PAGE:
Disasters The Blizzard of ’49
The Great Plains states are known for severe winters, but the winter of 1948-49 was one of Nebraska's worst. During a warm September and October of 1948, farmers brought in an outstanding harvest of corn, wheat, and soybeans. They were having good luck. But in November, their luck ran out.
Starting November 18, a blizzard roared into the state with heavy snow, sleet and winds of 50 - 70 miles per hour. Roads were blocked, schools closed, snow drifted over rooftops and livestock were stranded. Travelers filled hotels to overflowing. Trains were stuck, and telephone service was disrupted. The Weather Bureau called the storm "one of the most severe blizzards of record over much of the central and northeastern portions of the state."
In the northeast part of Nebraska, Hartington and Bloomfield were hit with 24 inches of snow. Omaha and Lincoln had heavy rain and some snow, but missed the worst of the storm. After the November storm, the phone company reported that more than 5,000 wire breaks and more than 1,700 telephone poles down.
Holly Miller and a couple of other men went out in the middle of the storm because people were stranded between Waco and York. "They found a little girl that was crippled in the car," he says. "And they hauled, carried her to Waco in that terrible blizzard that you could hardly get your breath in, you know."
Some of the snow melted before the next storm hit around Christmas. After a brief warm spell, the next storm started on January 2. Rain began to fall, then the temperature and barometer dropped as the storm got worse. The blizzard lasted for almost three days across western, central and northern Nebraska. Winds of 50 to 60 miles per hour drove heavy snow on top of what had fallen earlier in the winter.
Winton Wright remembers a local cattleman who tried to take advantage of the blizzard. He figured that the storm would reduce the number of cattle that could make it to the large stockyard market in Chicago and therefore raise prices for any cattle that did make it to market. "They hired young men to scoop a path for the cattle to drive to Benedict to load on the train," he says. "They thought they had a good market."
People were isolated on farms and ranches. Snowplow operators, police, volunteer firefighters and physicians struggled to handle medical emergencies. When the supply of coal and fuel ran out, some rural families burned furniture to stay warm. Pilots dropped groceries to stranded ranch families. When the electricity went out, families "refrigerated" their milk and cream in snowdrifts. Ranchers hooked up their horses and pulled sleighs and wagons to get to town or to check on livestock. Four people died in the January storm.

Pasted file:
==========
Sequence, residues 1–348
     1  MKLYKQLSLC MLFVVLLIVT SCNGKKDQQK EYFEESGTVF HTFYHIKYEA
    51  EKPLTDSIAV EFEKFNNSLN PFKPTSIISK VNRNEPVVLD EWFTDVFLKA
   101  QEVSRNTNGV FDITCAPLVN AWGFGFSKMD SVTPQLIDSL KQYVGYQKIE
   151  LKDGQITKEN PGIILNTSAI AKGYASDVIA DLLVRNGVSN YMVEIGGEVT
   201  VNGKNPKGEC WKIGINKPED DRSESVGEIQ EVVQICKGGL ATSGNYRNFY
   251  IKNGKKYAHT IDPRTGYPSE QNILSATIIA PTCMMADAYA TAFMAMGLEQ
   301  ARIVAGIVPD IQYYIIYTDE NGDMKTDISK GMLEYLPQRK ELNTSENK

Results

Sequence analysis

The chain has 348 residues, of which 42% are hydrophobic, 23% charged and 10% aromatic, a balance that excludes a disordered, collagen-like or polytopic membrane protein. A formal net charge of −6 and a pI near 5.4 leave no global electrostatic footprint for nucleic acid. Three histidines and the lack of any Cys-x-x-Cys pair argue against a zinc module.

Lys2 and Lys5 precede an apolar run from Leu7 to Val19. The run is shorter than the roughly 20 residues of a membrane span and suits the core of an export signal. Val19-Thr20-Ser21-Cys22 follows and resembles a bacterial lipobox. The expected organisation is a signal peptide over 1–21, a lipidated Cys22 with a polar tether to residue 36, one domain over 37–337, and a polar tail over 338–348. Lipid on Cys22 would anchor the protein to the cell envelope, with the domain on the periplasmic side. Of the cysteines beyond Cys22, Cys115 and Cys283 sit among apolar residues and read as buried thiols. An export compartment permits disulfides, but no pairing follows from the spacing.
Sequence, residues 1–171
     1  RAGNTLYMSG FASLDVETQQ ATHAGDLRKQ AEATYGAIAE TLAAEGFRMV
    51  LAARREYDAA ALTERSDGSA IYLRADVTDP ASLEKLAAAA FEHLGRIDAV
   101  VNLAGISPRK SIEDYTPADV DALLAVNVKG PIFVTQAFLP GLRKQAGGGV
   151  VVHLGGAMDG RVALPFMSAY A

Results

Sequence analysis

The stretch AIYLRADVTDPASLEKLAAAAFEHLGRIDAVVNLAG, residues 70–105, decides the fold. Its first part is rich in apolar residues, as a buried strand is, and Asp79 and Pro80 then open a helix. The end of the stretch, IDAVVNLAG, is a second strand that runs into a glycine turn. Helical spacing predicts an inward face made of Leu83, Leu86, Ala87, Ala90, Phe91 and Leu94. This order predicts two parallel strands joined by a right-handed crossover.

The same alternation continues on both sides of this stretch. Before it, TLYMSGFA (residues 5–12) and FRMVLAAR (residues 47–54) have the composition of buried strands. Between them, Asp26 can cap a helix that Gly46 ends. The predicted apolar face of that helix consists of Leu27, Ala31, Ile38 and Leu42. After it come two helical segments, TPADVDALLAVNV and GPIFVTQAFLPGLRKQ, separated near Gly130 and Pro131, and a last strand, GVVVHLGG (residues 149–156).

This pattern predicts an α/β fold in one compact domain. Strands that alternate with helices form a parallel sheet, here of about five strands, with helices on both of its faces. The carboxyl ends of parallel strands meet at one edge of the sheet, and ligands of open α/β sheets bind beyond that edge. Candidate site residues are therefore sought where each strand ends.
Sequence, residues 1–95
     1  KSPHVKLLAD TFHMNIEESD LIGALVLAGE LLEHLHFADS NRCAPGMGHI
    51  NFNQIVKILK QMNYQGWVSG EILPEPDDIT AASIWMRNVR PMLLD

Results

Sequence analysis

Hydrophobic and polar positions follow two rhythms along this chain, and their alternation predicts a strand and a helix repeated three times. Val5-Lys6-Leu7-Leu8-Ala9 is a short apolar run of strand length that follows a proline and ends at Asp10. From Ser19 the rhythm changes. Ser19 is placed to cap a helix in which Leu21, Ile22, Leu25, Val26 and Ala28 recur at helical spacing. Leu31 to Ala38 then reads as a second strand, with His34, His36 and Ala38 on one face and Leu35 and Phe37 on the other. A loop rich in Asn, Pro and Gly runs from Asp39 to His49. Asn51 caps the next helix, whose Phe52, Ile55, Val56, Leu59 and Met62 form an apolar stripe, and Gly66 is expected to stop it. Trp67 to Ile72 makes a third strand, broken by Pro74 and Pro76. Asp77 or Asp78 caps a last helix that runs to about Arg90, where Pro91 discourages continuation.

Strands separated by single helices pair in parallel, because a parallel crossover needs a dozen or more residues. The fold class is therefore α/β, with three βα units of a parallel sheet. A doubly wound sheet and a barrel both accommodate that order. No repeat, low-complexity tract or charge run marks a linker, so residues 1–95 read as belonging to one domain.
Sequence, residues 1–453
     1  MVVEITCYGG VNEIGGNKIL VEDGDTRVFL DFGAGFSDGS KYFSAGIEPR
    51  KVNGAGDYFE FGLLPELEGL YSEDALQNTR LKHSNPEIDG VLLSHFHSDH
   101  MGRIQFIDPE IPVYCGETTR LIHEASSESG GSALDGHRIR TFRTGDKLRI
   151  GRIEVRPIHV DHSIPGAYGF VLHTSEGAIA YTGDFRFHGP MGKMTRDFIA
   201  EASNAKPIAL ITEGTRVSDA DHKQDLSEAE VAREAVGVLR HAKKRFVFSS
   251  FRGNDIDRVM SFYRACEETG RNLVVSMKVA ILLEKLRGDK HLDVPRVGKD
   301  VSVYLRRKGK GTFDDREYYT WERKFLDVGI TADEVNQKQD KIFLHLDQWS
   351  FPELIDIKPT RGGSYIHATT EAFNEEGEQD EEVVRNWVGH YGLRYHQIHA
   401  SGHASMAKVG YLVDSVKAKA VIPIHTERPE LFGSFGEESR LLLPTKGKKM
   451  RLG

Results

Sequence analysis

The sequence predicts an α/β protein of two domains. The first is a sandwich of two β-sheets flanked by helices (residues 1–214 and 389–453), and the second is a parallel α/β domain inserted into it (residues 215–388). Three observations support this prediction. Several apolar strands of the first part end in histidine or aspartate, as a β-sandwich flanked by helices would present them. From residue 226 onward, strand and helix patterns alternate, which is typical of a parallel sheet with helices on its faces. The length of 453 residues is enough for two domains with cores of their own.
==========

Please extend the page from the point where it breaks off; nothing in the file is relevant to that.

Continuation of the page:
The last two weeks of January brought sub-zero temperatures and then freezing rain and more snow. The last week in March another storm hit around North Platte, dropping 20 more inches of snow. The storm caused train derailments and flooding. The Big and Little Nemaha Rivers flooded because of ice jams. On April 14, the last of the big storms hit south central and eastern Nebraska, with 12 inches of snow.
Mildred Hopkins and her husband were school custodians, and he drove a school bus. She says the winter of 1949 was so bad even wild animals became trapped in the snow. "Hop [her husband] was driving a school bus then. [The snow] was taller than the school bus... Once they had a coyote down in there and they chased it through this big tunnel of snow... Hop wouldn't run over it... but it didn't have any place to go."
During the winter of 1948-1949, parts of the state had received more than 100 inches of snow. One area in Antelope County had drifts that reached about 30 feet and didn't melt until June. Nebraska, South Dakota, North Dakota and Wyoming all suffered through the blizzards.
Operation Snowbound was an effort by many groups, including the Fifth Army, the Red Cross, the Army Corps of Engineers, the Air Force, the National Guard and the Civil Air Patrol. In Nebraska, Operation Snowbound:
- covered 193,193 square miles in four states
- saved more than 4 million cattle from starvation
- freed more than 243,000 snowbound people
- cleared more than 115,0000 miles of road
- used 1,600 pieces of heavy equipment
- coordinated a 6,000-man workforce.
In his short poem entitled "Great Plains in Winter," former U.S. Poet Laureate Ted Kooser (right) evokes the stillness the descends over a landscape covered in snow.
Written by Claudia Reinhardt and Bill Ganzel, the Ganzel Group. A partial bibliography of sources is here.